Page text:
“We say no to liquids, but yes to toothpaste,” says Trodd. “We recommend that every box contains a bar of soap, a tube of toothpaste and a toothbrush, some sort of stationery – something to write with and something to write on is a good starting point – and then a treat, such as a small toy, or some Lego, or a pack of playing cards.”
Memorable boxes include one filled entirely with the proceeds of a lemonade stall – four children organized the stand in their building so they had the funds to donate scores of filled boxes, each one lovingly packed and decorated.
Woolhouse recalls another little girl who saved up her pocket money for a year and packed it up along with a handwritten note. “She so wanted to share some happiness,” says Woolhouse. “Every year our volunteers were simply overwhelmed by the generosity, thoughtfulness and kindness of Hong Kong’s schoolchildren.”
“A huge amount of thought goes into some of these boxes,” admits Trodd. “We safeguard the integrity of the boxes as much as possible when we’re checking them, but sometimes we do have to step in. We get the odd box where someone has basically emptied the dregs of their stationery draw, stubs of pencils and so forth. We ask for everything to be new and unused, a proper Christmas present.”
Local charities Clean the World (cleantheworldasia.org) and Soap Cycling (soapcycling.org) donate thousands of bars of soap, which are also added to the boxes. “One year we ran out and one of the volunteers put the word about. Lush very kindly stepped forward and a huge parcel of goods was delivered the next day. You could certainly smell those boxes arriving in the Philippines! Hopefully we’ll be partnering with Lush again this year.”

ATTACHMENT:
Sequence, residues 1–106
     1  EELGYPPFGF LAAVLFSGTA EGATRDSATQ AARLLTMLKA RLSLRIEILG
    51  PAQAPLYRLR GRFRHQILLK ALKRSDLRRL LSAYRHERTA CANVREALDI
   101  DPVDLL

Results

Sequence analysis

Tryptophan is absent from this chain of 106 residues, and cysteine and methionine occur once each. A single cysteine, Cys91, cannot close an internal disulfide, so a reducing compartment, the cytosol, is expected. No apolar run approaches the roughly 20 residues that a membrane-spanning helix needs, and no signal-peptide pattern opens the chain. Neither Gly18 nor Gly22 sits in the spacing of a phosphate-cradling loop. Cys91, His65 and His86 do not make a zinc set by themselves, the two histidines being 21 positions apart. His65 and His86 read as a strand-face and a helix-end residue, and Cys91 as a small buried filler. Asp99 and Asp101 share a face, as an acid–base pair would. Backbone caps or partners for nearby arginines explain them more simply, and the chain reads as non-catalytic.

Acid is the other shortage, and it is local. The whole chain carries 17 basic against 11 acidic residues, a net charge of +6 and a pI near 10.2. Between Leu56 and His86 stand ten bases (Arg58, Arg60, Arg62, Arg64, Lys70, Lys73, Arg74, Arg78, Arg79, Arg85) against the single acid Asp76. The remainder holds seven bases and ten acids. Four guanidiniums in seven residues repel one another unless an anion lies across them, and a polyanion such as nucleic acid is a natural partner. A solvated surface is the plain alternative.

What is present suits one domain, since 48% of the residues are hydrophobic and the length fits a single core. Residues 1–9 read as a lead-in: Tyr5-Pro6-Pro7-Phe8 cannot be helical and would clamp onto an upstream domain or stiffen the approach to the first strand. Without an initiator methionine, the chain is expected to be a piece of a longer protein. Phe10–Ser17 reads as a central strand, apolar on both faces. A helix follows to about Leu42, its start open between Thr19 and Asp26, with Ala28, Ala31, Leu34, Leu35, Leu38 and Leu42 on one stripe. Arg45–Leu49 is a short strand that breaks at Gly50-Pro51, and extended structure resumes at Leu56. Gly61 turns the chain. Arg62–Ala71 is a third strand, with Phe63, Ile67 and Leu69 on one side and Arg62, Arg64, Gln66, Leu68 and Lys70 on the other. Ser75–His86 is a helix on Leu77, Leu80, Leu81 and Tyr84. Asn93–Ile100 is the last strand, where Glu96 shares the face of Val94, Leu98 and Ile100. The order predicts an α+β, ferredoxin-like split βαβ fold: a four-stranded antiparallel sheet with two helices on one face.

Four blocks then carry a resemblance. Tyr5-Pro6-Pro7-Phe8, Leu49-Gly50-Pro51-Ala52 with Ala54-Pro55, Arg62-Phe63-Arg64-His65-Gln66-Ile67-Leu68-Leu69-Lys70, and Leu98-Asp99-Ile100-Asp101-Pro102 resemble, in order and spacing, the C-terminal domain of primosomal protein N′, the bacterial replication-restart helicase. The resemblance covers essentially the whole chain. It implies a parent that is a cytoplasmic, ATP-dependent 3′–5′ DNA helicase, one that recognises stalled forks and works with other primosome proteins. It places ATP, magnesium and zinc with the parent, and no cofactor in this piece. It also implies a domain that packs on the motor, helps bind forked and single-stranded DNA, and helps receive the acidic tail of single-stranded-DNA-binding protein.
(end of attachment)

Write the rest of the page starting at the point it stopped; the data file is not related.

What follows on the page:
While all the charities Box of Hope delivers to are in need, some are more in need of certain items than others. “The Hong Kong kids all need stationery, anything goes from notebooks and pens to rubbers and packets of coloured pencils. In places like Cambodia and the Philippines, they’re happy to receive anything. These children have absolutely nothing. It’s heartbreaking to see them treasuring even the cardboard box.”
The delivery trucks are provided free-of-charge by Red Box Storage and Crown Relocations for a certain number of days, after which a courier company jumps in at a discounted rate.
“The boxes destined for the Philippines and Cambodia are shipped and we are currently looking for a shipping company to offer discounted transportation,” says Trodd.
Once at the destination, local charities step in and take over.
“It’s humbling to see how excited the children are to receive these gifts,” admits Trodd. “They are living in such impoverished conditions yet all are smiling, all are so happy to see us each year.”
If you, your school or preschool would like to take part in this year’s Box of Hope campaign, contact boxofhope.org. Follow the charity on Facebook @Box of Hope and on Instagram @boxofhopehk.